Larry is available to visit your Nest or District (at our expense) to share his knowledge of the Polish culture. Please contact me if you are interested.

Czolem!

October 17 will be National Day for St. John Paul II

The National Polish Apostolate Committee and the Saint John Paul II National Shrine are hosting a National Day of celebration of the legacy of Saint John Paul II on Saturday, Oct. 17, 2015. The observance will take place at the National Shrine of St. John Paul II in Washington D.C. This event will be celebrated annually closest to October 16, the day Karol Cardinal Wojtyla was elected to the See of St. Peter in 1978.

St. John Paul II left an enormous wealth of teachings on the meaning of life, value of the family, purpose of living, human dignity, and the formation of character of young people, etc. In his pastoral journeys, John Paul II always had a message for the Polish community and emphasized that his religious and Polish cultural heritage served him well to govern the Universal Church.

Under the leadership of Adam Cardinal Maida, Polonia in the United States, together with other constituencies, played a major role in establishing the John Paul II Cultural Center in Washington, D.C. Its dominant purpose was to promote the legacy of Pope John Paul II in the United States. The Polish American community was very instrumental and supportive of this endeavor. With the dawn of the great recession and other factors, the Center was acquired in 2011 by the Knights of Columbus, who assumed the challenge of perpetuating and assuring that the purpose and mission of the Center would endure for generations to come.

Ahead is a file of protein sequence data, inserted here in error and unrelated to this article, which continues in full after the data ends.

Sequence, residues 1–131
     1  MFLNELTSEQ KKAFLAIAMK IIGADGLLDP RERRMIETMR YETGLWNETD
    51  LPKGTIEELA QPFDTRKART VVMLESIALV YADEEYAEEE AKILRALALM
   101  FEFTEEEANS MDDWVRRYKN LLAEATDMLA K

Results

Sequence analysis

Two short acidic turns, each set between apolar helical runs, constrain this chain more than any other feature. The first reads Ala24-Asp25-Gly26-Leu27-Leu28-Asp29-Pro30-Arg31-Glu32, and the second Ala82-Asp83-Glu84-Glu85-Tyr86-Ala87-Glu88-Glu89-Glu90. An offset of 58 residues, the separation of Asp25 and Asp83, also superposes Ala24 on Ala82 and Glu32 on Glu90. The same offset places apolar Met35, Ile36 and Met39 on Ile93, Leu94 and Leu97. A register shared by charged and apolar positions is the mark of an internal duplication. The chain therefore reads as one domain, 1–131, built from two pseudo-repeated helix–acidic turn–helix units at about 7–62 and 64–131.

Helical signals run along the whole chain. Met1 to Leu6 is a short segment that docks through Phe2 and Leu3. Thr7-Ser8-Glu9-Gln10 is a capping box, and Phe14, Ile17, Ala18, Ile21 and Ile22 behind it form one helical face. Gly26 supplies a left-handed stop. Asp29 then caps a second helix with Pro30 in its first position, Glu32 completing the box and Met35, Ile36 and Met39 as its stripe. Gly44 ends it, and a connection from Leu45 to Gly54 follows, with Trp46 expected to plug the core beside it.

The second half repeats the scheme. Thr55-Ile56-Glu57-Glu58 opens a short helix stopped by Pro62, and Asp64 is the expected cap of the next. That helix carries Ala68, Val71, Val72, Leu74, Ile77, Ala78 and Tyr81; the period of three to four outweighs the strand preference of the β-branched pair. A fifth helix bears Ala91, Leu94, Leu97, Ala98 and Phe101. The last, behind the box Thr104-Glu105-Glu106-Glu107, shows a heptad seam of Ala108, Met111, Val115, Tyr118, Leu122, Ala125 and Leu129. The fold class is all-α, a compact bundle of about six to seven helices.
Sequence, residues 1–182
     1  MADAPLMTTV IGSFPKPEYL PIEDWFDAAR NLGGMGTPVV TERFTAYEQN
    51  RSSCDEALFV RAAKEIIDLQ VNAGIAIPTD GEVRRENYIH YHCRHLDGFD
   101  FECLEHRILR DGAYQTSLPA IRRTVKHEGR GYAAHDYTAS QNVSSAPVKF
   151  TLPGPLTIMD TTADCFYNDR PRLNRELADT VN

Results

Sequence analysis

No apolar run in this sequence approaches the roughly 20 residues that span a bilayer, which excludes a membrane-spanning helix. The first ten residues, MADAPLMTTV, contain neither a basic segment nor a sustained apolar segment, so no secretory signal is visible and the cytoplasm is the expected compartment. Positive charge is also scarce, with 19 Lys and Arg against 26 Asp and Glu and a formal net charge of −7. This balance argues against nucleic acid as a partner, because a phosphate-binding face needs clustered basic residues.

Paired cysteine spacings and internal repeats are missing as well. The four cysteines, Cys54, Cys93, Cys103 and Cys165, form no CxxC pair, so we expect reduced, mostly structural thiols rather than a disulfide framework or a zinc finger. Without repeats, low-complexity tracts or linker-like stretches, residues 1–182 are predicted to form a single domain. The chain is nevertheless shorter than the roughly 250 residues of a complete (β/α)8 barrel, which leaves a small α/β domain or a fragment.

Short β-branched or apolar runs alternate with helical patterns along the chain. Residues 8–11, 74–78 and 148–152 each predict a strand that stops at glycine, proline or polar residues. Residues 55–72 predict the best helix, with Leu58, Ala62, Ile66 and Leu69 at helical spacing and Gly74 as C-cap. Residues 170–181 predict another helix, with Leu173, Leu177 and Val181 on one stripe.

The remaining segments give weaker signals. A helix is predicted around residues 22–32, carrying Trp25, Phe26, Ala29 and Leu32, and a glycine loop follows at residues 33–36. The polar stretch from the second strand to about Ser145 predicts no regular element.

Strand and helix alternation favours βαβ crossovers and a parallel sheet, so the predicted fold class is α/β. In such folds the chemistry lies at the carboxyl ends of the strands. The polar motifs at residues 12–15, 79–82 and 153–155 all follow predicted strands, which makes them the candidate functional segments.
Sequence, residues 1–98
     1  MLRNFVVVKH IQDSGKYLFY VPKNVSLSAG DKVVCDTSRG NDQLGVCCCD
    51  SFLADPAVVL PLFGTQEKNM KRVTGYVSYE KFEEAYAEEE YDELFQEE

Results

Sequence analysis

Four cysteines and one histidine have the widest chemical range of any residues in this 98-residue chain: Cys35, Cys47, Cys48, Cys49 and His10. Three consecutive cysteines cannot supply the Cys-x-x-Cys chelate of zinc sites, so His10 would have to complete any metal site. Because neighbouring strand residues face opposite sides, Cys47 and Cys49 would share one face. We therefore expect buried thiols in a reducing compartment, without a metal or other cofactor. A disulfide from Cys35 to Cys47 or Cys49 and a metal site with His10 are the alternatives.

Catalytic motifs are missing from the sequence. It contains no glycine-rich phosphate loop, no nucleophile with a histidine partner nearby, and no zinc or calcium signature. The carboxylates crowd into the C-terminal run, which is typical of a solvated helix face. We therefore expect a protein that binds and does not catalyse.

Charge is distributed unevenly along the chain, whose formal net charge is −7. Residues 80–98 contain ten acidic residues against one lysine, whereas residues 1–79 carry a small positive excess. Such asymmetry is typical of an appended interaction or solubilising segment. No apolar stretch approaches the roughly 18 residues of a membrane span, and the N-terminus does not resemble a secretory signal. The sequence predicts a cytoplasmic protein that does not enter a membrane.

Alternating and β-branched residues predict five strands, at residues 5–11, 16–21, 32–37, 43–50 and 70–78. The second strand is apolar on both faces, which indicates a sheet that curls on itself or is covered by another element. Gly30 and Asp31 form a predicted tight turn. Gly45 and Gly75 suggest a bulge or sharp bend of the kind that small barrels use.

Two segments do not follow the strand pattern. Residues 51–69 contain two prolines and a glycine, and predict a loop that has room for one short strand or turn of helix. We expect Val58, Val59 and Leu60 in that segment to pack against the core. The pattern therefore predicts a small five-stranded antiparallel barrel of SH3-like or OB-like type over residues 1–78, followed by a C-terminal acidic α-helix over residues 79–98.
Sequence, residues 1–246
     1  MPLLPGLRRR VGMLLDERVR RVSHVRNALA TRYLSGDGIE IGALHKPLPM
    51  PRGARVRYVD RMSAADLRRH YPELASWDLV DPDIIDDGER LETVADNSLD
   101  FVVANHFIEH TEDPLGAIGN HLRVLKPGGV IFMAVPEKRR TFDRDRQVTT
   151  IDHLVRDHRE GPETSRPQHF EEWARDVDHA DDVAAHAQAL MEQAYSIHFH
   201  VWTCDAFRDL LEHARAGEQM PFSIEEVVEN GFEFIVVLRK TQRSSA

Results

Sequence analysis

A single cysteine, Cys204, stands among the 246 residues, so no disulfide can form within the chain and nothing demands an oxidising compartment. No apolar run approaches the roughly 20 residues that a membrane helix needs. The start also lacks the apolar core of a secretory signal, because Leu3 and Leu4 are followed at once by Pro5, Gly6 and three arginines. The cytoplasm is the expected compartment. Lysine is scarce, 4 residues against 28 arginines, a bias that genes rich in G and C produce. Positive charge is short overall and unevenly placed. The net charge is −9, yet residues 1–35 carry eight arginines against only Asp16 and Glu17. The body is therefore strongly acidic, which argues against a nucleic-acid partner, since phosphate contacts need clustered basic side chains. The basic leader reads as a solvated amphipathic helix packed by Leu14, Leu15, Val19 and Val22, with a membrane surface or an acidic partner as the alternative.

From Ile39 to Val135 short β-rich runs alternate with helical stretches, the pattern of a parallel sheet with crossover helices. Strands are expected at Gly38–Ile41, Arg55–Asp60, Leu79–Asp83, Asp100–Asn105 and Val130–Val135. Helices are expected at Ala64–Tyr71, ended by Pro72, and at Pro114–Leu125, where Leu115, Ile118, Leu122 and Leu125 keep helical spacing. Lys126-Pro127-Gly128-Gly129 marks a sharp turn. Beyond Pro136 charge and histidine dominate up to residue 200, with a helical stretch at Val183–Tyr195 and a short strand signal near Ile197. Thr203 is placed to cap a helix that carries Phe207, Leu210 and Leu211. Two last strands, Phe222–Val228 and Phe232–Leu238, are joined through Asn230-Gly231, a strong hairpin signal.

Pope John Paul II was canonized in 2014. Upon the request of Donald Cardinal Wuerl, Archbishop of Washington, DC, the U.S. Conference of Catholic Bishops (USCCB) designated the Center as the National Shrine of Saint John Paul II in the United States.